reporting from ESMO 2017
Madrid – The EGFR inhibitor osimertinib (Tagrisso) is being hailed as a new standard of care for first-line therapy of advanced, treatment naïve non-small cell lung cancer (NSCLC) with mutations in the epidermal growth factor receptor (EGFR).
Osimertinib cut the risk of disease progression in these patients by 54% compared gefitinib (Iressa) or erlotinib (Tarceva).
Among 279 patients with EGFR-mutated locally advanced or metastatic NSCLC treated with osemirtinib, the median progression-free survival (PFS) was 18.9 months, compared with 10.2 months for 277 patients treated with the standard of care, which translates into a hazard ratio (HR) of 0.46 (P less than .0001).
The median overall survival (OS) was not reached in either trial arm, with survival data only 25% mature at the time of data cutoff, but there was a strong trend toward better OS, said lead investigator Suresh Ramalingam, MD, from the Winship Cancer Institute of Emory University in Atlanta, Georgia.
“We wanted to see if by shutting down a major escape pathway by giving osemirtinib upfront, whether we would be able to improve patient outcomes,” he said at a briefing at the European Society of Medical Oncology (ESMO) Congress.
Osimertinib is a third-generation EGFR tyrosine kinase inhibitor (TKI) selective for EGFR mutations, including the T790M resistance mutation. It is currently approved in the US for the treatment of patients with EGFR T790M mutation-positive NSCLC whose disease has progressed on or after EGFR TKI therapy.
In the FLAURA trial (NCT02296125) investigators stratified patients with previously untreated NSCLC positive for EGFR resistance mutations according to mutation status (exon 19 deletion or the L858R amino acid substitution in exon 21) and race (Asian or non-Asian).
Patients were randomly assigned to treatment with either oral osimertinib 80 mg daily or an EGFR TKI, either oral gefitinib 250 mg or erlotinib 150 mg daily.
The patients were assessed by Response Evaluation Criteria in Solid Tumors (RECIST) every 6 weeks until objective disease progression.
Patients assigned to the standard-of-care arm who had central confirmation of progression and T790M positivity were allowed to cross over to open-label osimertinib.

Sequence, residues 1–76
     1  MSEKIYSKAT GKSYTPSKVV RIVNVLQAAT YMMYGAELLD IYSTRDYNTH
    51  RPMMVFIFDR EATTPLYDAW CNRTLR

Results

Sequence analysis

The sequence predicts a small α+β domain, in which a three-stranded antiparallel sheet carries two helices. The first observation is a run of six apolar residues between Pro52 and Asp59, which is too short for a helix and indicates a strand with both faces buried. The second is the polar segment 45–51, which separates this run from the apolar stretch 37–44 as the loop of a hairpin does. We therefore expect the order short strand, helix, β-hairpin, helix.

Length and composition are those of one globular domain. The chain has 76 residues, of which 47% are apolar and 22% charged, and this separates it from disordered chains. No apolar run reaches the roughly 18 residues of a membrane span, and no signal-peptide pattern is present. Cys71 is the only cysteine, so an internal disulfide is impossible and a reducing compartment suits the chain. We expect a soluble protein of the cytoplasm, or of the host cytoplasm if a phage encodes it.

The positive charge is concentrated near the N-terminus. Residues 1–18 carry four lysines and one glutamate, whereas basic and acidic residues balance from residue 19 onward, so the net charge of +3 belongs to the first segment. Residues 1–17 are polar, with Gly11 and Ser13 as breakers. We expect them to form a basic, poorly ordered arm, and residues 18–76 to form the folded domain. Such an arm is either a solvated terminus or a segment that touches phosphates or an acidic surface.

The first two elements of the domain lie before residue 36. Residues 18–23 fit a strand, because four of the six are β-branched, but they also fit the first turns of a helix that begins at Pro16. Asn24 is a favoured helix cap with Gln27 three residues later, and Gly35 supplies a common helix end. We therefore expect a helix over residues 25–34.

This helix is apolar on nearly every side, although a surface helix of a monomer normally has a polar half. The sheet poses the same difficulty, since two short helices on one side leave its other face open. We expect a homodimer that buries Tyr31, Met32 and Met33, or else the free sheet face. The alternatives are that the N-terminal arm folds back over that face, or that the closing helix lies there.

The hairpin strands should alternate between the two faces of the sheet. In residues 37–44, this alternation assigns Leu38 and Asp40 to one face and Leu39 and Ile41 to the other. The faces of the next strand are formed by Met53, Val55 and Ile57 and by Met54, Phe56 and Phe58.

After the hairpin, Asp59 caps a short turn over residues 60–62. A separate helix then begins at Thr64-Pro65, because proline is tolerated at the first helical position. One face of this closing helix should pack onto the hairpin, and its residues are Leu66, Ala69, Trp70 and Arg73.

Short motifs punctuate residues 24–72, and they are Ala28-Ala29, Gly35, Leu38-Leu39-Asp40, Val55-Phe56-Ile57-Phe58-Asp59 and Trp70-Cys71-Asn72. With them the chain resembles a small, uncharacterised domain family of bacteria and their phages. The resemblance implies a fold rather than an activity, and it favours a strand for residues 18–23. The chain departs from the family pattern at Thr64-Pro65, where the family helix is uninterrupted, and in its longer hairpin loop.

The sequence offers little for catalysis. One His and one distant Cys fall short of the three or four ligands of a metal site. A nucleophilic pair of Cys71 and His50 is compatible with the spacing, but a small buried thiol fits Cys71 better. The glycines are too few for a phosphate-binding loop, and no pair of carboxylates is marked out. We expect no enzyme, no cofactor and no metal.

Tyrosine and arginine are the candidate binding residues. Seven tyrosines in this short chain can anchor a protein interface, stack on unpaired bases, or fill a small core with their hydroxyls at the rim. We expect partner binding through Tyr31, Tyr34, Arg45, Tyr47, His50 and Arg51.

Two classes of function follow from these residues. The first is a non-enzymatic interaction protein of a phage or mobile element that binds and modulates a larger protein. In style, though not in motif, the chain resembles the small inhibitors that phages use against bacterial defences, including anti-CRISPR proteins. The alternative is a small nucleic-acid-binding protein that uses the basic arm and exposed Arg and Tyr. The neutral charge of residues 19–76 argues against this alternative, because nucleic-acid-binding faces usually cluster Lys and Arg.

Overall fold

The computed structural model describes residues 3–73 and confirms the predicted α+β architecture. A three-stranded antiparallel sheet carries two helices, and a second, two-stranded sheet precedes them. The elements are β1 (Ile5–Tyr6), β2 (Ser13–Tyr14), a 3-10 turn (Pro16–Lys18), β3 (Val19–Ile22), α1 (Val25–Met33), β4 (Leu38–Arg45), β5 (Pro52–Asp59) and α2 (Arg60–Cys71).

PFS, the primary endpoint, was also significantly better with osimertinib than with either of the comparator TKIs in patients with and without central nervous system metastases at study entry (HR 0.47, P = .0009 for patients with CNS metastases, HR 0.46, P less than .0001 for patients with no CNS metastases).
For this interim analysis, with OS data at only 25% maturity, median OS had not been reached in either trial arm. The HR for OS with osimertinib was 0.63, with a P value of .0068, but this was not statistically significant, as the statistical method used required a P of less than .0015 for significance, Dr. Ramalingam explained.
The safety profile of osimertinib was comparable to that of the standard of care, with lower rates of grade 3 or greater adverse events, and a lower discontinuation rate, than with either gefitinib or erlotinib.
Enriqueta Felip, MD , the invited commentator at the briefing, said that “based on these results, osimertinib should be considered a new first-line treatment option for patients with EGFR mutations.”
Tony Mok, MD, from the Chinese University of Hong Kong, the invited discussant at the presidential symposium where Dr. Ramalingam presented the study, commented that “there is little doubt that FLAURA is a positive study demonstrating superiority in PFS with first-line osimertinib.”
He questioned, however whether all patients with EGFR mutation-positve NSCLC should receive osimertinib up front.
“I have confidence that patients with CNS metastases at presentation would benefit the most considering osimertinib’s higher CNS penetration, but the optimal sequence for overall survival benefit is controversial,” he said.
Dr. Mok said that he was reserving judgment about elevating osimertinib to standard-of-care status until there were more answers about the final number of patients who are able to crossover to osimertinib, and about the “mechanism and management of osimertinib resistance upon disease progression.”
The study was funded by AstraZeneca, the maker of osimertinib. Dr Ramalingam is on the advisory boards of AstraZeneca and other companies. Dr Mok disclosed honoraria, fees, and research funding from Astra-Zeneca. Dr. Felip disclosed financial relationships with multiple companies not including AstraZeneca.